It’s American Diabetes Month®, a time when the medical community raises awareness of this all-too-common condition. Most know about type 1 and type 2 diabetes, but there’s another form that affects only pregnant women: gestational diabetes.
Board-certified OB/GYN Dr. Diana Heard at Glendale Obstetrics and Gynecology, PC, in Glendale, Arizona, is passionate about preventing pregnancy complications, including gestational diabetes. If you’re pregnant or planning to become pregnant, high-quality prenatal care is your best bet for ensuring a problem-free journey, and staying informed is key. Here’s what Dr. Heard wants you to know about gestational diabetes prevention and management.
You’ve probably heard the term gestational diabetes during your pregnancy journey, especially if you've had your fair share of prenatal check-ups. You may be wondering, Just what is gestational diabetes, and why should I care about it?
While you’re pregnant, your body goes through many changes. One of these changes may cause your cells to give the cold shoulder to insulin, an important hormone that keeps your blood sugar levels in check. When this happens, your sugar levels can go up, leading to gestational diabetes.
Gestational diabetes affects up to 10% of pregnancies in the United States each year, but it’s a temporary condition that typically resolves after giving birth.
If you develop gestational diabetes, we can help you manage it, but if left unchecked, gestational diabetes complicates your pregnancy and your baby's health. The good news is that most women who keep their gestational diabetes under control end up delivering healthy babies. The trick is to work closely with Dr. Heard to control your blood sugar levels, ensuring everything goes smoothly for you and your little one.
Just because you have gestational diabetes during pregnancy doesn't mean you'll have diabetes forever, but it's worth noting that it does bump up your chances of developing type 2 diabetes down the line.
Uncontrolled gestational diabetes also increases your risk for a few more complications, such as the following:
Gestational diabetes increases your risk of high blood pressure during pregnancy, a condition known as preeclampsia. This condition can cause problems such as premature birth and, in severe cases, can be life-threatening for both you and your baby.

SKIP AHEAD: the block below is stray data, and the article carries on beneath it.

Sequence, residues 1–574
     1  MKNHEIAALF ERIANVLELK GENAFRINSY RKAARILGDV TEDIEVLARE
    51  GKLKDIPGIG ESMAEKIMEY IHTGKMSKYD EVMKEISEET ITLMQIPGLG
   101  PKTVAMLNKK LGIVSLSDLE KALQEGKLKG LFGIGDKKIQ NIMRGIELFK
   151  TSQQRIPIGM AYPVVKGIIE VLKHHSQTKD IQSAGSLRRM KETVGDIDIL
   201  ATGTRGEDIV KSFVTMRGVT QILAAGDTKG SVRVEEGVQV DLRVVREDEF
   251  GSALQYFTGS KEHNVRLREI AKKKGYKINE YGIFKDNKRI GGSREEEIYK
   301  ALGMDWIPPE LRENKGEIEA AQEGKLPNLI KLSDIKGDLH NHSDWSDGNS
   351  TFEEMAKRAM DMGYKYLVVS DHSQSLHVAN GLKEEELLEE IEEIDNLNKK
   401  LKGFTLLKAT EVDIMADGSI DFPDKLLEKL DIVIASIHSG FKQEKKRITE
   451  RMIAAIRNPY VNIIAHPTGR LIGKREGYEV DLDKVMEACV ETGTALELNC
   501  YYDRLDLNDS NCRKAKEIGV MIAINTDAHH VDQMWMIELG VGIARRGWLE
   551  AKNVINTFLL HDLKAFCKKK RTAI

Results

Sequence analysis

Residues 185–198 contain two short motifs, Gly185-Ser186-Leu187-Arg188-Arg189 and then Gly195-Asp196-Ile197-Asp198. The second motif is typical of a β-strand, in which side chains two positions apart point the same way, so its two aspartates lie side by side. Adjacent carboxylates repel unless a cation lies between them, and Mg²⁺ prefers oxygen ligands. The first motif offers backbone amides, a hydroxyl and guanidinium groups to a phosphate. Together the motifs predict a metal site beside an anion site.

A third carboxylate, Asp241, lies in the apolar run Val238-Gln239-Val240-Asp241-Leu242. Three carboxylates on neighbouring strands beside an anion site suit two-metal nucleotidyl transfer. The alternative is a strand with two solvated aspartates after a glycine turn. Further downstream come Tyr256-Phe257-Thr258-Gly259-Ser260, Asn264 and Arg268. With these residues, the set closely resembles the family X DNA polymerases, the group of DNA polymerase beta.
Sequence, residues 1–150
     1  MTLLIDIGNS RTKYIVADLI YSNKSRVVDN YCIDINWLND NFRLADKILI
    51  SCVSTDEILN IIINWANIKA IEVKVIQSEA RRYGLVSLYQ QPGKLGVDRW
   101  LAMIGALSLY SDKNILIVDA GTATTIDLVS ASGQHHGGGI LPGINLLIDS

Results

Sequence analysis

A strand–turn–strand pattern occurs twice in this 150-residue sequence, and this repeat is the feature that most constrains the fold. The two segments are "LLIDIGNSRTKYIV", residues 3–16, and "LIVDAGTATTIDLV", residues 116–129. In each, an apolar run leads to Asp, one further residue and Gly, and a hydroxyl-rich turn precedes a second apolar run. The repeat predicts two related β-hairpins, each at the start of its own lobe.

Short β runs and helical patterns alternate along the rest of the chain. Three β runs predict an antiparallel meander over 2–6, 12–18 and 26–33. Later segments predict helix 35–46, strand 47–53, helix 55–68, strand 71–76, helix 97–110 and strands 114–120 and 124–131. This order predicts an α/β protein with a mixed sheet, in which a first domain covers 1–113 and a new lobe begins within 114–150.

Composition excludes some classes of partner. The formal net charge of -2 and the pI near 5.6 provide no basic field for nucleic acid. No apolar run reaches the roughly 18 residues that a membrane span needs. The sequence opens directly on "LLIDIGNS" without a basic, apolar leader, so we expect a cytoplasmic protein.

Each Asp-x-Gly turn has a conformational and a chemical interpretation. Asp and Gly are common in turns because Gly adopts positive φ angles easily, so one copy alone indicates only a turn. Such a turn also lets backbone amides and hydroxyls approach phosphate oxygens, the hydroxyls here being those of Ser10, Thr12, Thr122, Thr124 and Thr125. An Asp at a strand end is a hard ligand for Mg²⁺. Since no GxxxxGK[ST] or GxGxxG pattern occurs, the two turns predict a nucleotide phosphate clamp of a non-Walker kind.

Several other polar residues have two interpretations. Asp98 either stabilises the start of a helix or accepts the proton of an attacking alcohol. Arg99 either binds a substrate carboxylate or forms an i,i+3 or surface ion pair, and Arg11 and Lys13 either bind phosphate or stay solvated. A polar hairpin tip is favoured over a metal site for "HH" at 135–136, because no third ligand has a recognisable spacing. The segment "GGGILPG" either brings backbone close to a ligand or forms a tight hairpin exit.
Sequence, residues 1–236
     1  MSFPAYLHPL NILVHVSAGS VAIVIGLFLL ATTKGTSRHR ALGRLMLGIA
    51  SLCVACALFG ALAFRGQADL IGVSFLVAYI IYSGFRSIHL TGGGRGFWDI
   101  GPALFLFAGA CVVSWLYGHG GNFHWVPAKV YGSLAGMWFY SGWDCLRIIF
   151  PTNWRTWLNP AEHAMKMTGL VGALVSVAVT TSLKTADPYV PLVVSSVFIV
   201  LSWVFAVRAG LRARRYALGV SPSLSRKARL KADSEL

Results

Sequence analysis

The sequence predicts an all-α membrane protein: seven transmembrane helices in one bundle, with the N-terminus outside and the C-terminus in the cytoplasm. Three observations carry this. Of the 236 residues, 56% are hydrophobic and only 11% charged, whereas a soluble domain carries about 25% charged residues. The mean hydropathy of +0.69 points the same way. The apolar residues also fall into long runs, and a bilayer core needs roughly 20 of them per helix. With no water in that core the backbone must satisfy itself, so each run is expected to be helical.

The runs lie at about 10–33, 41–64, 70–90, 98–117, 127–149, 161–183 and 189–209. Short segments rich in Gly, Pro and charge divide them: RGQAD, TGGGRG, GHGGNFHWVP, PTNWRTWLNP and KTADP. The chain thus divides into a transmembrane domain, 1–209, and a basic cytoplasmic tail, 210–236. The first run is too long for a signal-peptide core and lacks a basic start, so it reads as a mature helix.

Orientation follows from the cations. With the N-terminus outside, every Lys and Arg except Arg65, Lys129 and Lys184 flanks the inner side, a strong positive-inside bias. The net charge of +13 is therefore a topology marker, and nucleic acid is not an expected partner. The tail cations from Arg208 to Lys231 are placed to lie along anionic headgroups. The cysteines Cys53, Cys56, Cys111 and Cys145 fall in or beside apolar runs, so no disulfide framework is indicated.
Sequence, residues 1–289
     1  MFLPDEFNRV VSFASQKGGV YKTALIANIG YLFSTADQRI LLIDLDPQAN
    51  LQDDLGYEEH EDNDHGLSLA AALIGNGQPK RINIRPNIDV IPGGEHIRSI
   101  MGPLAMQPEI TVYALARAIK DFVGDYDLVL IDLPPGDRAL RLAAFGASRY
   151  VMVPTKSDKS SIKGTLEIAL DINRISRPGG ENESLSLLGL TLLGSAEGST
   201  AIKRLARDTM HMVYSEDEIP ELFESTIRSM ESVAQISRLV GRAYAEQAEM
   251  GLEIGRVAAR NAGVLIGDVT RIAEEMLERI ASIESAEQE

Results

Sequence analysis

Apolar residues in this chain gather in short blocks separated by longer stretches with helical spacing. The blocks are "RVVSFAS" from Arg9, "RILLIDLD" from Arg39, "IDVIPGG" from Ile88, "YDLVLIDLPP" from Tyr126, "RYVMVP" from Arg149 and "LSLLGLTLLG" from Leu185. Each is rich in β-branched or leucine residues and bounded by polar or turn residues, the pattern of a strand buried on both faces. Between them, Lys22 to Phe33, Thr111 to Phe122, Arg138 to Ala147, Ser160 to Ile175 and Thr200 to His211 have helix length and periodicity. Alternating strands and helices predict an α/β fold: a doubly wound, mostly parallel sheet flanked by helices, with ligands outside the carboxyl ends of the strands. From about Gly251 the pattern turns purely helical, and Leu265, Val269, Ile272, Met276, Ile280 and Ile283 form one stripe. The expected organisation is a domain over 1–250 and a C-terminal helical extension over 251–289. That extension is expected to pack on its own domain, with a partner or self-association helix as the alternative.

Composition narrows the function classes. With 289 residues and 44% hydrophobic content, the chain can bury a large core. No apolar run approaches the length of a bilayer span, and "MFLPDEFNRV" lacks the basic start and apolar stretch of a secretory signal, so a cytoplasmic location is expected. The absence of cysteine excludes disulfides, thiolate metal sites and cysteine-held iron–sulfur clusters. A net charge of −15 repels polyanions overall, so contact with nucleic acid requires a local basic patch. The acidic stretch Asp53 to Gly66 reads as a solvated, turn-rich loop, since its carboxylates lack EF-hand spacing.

Babies born to mothers with gestational diabetes are at risk of developing low blood sugar (hypoglycemia) shortly after birth. Your baby’s insulin production is high because of the excess glucose in your blood, so your pediatrician should monitor your baby's blood sugar levels after birth.
Excess blood sugar can cause your baby to grow too large (macrosomia), making vaginal delivery difficult and potentially leading to injuries during birth.
If your baby is very large, you may require a C-section, a surgical procedure used to deliver a baby through incisions in your abdomen and uterus. C-sections carry potential risks, such as infection and longer recovery time.
Knowledge is power. The more you know about gestational diabetes, the better equipped you are to protect your baby and yourself, and we can help. Dr. Heard monitors your health closely and handles the medical side of it. Meanwhile, here are some things you can do to lower your risk of complications.
Your diet matters when managing gestational diabetes. Eat balanced meals with lean proteins, whole grains, fruits, and vegetables. Limit foods high in refined sugars and unhealthy fats.
Physical activity helps your body use insulin better. Aim for at least 30 minutes of moderate-intensity exercise most days of the week, like brisk walking or prenatal yoga. Always check with Dr. Heard before starting a new exercise regimen.
We check your blood sugar levels throughout your pregnancy, and so should you. Our team can show you how and when to self-check your blood glucose, the ideal levels, and how to spot signs of trouble.
If diet and exercise alone aren’t enough, Dr. Heard might prescribe insulin therapy or other medications. If so, take them as directed and on time.
Regular check-ups allow Dr. Heard to monitor your progress and make necessary adjustments to your treatment plan.
Managing gestational diabetes can be stressful. Consider reaching out to support groups, talking to a therapist, or confiding in loved ones — asking for help is okay.
Gestational diabetes can be challenging — don’t do it alone. Request an appointment online, or call Glendale Obstetrics and Gynecology, PC, to learn more about gestational diabetes.